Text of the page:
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AT&T Gouges Californians With 25% Telephone Rate Increase

Phillip Dampier January 17, 2012 AT&T, Consumer News, Public Policy & Gov't 3 Comments

Years ago, phone companies could not simply raise rates willy-nilly.  They had to justify rate increases before an oversight body, usually on the state level.  But after spending millions to lobby state lawmakers to deregulate the phone business, AT&T is set to recoup their investment with a dramatic 25 percent rate increase for landline phone service in the state of California.

Some residential customers have kept basic landline service as a last resort, switching to “measured service,” where customers pay a small charge for every call they make or receive a calling allowance that covers several calls a day.  Measured service can deliver substantial savings over traditional flat rate service.  But now AT&T is targeting these “budget customers” for some stunning rate hikes.

Starting March 1st, AT&T is raising rates by nearly 25% for measured service — from $12.37 to $15.37 a month — a $3 increase.  After your calling allowance is exhausted, each additional local call will cost three cents per minute.

Customers with flat rate service will also pay AT&T $1.05 more — $21 a month (before taxes, fees, and surcharges) for basic flat rate, unlimited local calling.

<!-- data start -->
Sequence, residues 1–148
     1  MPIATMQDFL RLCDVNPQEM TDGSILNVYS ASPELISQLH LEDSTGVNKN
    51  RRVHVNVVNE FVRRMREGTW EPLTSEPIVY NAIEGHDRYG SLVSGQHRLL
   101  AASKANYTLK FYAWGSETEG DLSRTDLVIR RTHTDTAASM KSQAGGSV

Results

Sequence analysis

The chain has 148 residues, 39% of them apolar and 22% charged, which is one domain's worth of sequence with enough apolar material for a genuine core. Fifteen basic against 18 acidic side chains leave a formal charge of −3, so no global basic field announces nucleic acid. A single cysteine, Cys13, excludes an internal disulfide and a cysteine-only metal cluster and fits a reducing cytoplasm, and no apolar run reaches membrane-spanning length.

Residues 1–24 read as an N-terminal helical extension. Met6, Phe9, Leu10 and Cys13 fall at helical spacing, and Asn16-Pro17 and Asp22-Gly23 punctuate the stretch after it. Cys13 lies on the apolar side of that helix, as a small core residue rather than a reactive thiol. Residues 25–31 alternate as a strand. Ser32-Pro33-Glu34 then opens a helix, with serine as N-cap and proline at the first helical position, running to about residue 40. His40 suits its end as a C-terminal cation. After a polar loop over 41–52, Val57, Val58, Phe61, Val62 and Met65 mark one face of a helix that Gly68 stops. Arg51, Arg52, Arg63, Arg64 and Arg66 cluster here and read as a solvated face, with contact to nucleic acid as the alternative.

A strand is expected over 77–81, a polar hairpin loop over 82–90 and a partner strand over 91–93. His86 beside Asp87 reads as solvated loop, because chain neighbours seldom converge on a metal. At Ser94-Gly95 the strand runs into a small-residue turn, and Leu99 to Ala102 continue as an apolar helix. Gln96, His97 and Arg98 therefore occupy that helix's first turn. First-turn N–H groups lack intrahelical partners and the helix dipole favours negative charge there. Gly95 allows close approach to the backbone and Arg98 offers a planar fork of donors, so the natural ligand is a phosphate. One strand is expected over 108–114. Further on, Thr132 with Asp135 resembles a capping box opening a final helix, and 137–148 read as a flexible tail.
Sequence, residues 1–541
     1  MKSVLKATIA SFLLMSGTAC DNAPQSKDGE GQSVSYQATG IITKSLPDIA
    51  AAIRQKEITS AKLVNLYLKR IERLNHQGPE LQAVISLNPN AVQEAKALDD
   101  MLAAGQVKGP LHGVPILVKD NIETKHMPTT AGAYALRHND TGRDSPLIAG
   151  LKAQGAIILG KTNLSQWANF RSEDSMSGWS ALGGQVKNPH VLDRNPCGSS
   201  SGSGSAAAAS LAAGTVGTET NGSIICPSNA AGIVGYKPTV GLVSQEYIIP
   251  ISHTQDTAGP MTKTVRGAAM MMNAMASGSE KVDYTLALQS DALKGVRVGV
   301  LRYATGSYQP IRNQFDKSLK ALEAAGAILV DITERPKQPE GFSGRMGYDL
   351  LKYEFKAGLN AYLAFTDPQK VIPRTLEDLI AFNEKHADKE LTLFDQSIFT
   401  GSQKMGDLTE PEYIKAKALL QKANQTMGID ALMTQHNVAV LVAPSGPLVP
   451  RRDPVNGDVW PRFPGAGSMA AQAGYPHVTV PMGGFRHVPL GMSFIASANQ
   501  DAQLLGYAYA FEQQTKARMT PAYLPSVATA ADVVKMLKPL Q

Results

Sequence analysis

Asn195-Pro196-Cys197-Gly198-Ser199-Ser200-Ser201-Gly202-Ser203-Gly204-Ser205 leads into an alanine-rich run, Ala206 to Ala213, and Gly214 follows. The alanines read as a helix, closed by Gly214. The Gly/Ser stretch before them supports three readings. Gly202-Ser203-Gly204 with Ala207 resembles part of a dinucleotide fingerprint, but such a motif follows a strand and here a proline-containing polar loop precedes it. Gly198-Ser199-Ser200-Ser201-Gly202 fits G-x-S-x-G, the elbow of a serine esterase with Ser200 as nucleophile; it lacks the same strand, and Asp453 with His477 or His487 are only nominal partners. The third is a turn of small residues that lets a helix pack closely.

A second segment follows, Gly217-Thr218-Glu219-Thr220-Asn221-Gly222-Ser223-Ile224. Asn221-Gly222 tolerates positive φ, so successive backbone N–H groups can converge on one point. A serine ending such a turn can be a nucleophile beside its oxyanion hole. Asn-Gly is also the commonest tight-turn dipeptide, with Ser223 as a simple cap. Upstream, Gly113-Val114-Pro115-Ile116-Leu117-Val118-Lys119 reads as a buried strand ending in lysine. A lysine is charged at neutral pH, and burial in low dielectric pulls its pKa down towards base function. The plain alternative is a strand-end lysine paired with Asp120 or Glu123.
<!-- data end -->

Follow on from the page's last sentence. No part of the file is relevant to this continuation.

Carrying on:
Best of all (for AT&T), the company does not have to explain or justify the rate increase.  That attitude was evident when reading the Los Angeles Timesaccount of the rate hike, complete with an arrogant, shoulder-shrugging AT&T spokesman:

Lane Kasselman, an AT&T spokesman, said fees for measured and flat-rate calling plans are going up because, well, because.

“Goods and services go up,” he told me. “That’s how our economy works.”

The increase is expected to hit seniors and low income consumers the hardest — they are the biggest constituency of the 10 percent of AT&T customers who choose measured-rate, budget service.  They are also the least likely to have cut the cord on their traditional landline service in favor of a cell phone or competing Voice Over IP provider.

AT&T hints that the rate increase is partly to push customers into multi-service bundles that include phone, Internet, and television service.  By hiking the price of individual services, the bundled price suddenly seems to deliver the best “savings” for customers.

Critics call that price pumping — artificially raising the price of a-la-carte services to create phantom savings for the company’s higher-revenue bundled service packages.

A San Francisco advocacy group calls it something else.

“It’s extortion, pure and simple,” said Regina Costa, telecom research director for the Utility Reform Network, or TURN, a consumer group. “There’s no proof that these price increases are justified.”

Thanks to California’s deregulation of the landline phone business, no proof is required.

Currently there are 3 comments on this Article:

  1. siouxmoux says:

    I am glad I dump my ATT land line years ago. I will be saving over $40 dollars a mouth with these outrageous rate hikes

  2. Carla Amaral says:

    My residential ATT flat rate went from $21 to $23.

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